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5 Questions Apple Should Answer at WWDC 2019

June 2, 2019, 4:00 PM UTC

Apple may have some explaining to do at its annual Worldwide Developers Conference starting on Monday.

Over the past several weeks, a series of news reports have disclosed what Apple plans to announce on Monday at its annual developer event in San Jose, Calif. Those reports say Apple will unveil iOS 13, including a feature to reduce user eye strain and another feature that makes it easier to eliminate pop-up notifications. Additionally, reports said that the company is working on a new Apple Watch-only App Store and an improved design that will make it easier to find apps and to navigate the smartwatch’s software.

But the most important discussions at WWDC will have little to do with new features. Rather the focus will be on the following five important questions:

Is Apple a good partner for app developers?

Apple executives are unlikely to directly discuss the U.S. Supreme Court’s decision earlier this month that paves the way for consumers and developers to sue the company for alleged antitrust practices in its App Store. But Apple will need to address it in some way.

Apple operates the only app store for iOS. Every app sold to customers must therefore share a chunk of that money with the Apple. Music-streaming rival Spotify has already filed a complaint against Apple in the European Union alleging the company’s App Store practices and revenue sharing with developers are unfair to competitors. And Morgan Stanley analyst Katy Huberty told Fortune in an interview earlier this month that Apple may eventually be forced to allow other app marketplaces into iOS.

Look for Apple executives to discuss Apple’s value to developers, including their access to millions of iPhone owners and the revenue they generate from Apple’s services.

Will Apple TV+ be worth the cost?

Later this year, Apple plans to introduce Apple TV+ to compete against popular alternatives like Netflix, Amazon Prime Video, and Hulu. But Apple’s service won’t have the vast content library found on Netflix or the live television available through Hulu. Plus, Apple will need to fend off Disney+, another streaming service that will debut in November and will include full access to Disney’s movie library and new original shows.

Apple may use WWDC to talk about Apple TV+, originally unveiled in March, and share why it believes it can compete in such a crowded market.

How Will Apple News+ Improve?

Subscribers to Apple News+, the company’s $10-a-month news subscription service, have complained that the service doesn’t offer access to major publications like The New York Times and Washington Post. Critics have said that Apple News+’s design is too difficult to use.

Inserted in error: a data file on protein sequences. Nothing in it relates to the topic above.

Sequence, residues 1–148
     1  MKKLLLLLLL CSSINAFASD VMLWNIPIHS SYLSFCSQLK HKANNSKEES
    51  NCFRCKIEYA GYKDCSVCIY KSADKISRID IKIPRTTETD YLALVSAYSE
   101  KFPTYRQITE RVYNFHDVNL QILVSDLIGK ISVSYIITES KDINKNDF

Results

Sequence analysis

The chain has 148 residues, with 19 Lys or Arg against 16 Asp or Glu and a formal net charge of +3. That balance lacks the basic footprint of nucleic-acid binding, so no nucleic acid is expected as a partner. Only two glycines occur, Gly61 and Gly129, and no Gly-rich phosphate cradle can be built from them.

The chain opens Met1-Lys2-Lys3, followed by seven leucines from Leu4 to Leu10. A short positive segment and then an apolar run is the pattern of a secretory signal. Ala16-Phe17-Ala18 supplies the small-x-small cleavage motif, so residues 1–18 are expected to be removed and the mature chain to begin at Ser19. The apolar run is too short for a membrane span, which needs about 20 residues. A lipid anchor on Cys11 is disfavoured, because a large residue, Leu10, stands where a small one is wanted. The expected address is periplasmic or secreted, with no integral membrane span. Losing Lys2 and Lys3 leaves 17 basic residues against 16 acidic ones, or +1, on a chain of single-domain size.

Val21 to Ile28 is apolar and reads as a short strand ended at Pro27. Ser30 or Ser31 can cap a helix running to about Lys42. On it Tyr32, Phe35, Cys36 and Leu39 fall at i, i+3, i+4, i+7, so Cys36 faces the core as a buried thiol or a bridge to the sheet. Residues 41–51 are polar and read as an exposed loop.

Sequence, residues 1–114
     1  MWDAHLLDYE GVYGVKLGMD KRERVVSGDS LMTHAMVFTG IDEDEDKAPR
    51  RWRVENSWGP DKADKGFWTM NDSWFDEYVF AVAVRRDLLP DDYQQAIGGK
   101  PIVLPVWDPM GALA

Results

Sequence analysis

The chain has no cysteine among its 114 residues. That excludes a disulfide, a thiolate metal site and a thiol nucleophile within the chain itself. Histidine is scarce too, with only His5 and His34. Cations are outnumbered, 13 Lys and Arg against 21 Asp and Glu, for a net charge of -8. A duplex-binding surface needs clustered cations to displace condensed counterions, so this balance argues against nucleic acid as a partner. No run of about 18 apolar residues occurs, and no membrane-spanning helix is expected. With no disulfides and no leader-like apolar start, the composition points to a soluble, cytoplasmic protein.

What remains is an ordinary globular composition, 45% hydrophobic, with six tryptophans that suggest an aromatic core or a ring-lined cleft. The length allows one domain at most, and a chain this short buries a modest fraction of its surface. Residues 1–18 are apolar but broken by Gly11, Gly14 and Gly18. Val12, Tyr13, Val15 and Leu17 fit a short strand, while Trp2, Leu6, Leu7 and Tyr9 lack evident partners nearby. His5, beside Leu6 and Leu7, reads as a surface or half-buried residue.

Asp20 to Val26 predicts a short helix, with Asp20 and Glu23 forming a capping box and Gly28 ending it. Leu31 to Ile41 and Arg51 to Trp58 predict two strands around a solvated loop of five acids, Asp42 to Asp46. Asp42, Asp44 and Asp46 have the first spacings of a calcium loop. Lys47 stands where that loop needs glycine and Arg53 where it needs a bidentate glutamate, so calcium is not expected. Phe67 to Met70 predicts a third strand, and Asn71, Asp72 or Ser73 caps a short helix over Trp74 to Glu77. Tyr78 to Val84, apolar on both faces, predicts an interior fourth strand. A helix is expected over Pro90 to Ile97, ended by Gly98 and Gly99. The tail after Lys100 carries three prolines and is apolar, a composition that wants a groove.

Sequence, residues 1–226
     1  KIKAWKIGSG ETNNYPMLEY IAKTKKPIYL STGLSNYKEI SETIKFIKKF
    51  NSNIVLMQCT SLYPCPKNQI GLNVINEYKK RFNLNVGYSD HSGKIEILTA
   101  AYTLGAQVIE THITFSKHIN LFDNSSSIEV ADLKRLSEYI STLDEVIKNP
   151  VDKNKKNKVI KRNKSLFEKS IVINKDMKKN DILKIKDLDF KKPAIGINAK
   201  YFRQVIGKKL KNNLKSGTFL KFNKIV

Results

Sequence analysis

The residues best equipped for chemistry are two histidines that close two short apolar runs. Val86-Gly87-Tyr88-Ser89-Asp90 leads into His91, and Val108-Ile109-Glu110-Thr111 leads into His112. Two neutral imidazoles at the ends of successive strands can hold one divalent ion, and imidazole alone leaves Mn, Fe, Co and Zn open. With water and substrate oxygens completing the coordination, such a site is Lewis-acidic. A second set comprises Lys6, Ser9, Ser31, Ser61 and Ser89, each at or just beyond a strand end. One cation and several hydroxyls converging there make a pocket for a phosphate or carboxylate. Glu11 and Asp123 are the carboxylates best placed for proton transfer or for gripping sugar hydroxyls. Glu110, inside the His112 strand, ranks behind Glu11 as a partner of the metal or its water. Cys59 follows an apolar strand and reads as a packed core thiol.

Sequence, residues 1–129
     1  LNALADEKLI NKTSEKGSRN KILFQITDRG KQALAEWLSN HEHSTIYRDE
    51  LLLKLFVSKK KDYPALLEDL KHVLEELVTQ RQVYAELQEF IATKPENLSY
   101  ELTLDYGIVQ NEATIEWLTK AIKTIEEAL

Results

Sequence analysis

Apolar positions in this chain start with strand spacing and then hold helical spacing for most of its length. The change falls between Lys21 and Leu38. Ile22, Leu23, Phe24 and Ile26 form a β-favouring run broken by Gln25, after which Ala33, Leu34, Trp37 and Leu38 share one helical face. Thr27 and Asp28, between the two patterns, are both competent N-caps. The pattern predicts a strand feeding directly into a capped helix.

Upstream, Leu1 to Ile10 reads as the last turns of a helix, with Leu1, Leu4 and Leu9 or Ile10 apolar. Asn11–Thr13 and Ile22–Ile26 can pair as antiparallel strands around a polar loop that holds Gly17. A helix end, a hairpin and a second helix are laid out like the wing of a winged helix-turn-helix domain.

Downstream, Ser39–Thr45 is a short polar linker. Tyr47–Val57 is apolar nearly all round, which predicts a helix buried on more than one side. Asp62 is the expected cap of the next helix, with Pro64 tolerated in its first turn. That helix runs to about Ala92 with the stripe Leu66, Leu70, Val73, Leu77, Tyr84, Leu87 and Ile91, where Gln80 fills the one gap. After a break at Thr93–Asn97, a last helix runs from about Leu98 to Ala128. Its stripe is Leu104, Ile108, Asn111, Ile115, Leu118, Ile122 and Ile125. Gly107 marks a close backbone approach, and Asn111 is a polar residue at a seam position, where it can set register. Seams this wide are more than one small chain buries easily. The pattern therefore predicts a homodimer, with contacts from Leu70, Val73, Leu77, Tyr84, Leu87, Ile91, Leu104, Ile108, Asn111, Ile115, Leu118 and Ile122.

Last week, Apple tried to at least fix one problem by introducing a feature that automatically downloads new magazine issues onto users’ devices. But it didn’t go far enough. Apple still needs to fix some strange layout quirks that can make it difficult to navigate the service and some very big gaps in the media companies using the service.

Hopefully Apple addresses the topic at WWDC.

How important is healthcare to Apple’s future?

For the past few years, Apple has used WWDC to discuss its efforts to improve health tracking through its Health app in iOS and its health-tracking features in watchOS. Apple CEO Tim Cook has made clear that he views Apple as a health care-focused company and believes one day that its contributions in health will be its most important.

Given that, it seems almost certain that Apple will discuss health care at this year’s event.

Is a one-app experience feasible?

For years, we’ve read reports about Apple combining iOS and macOS development processes so that developers no longer need to create different apps for both iOS and macOS. Instead, developers would be able to create one app that they can publish to both the Mac App Store and iPhone App Store.

Now, however, app developers believe Apple may change its policies. And earlier this year, Bloomberg reported that Apple may at least announce that it’s moving towards letting developers create one app that they can bring to Apple’s Macs and mobile devices.

It’s something developers would want, since it would reduce their development costs and the time it takes them to release an app. And since WWDC is an event for developers, it would make sense for Apple to use it to announce its single-app development process.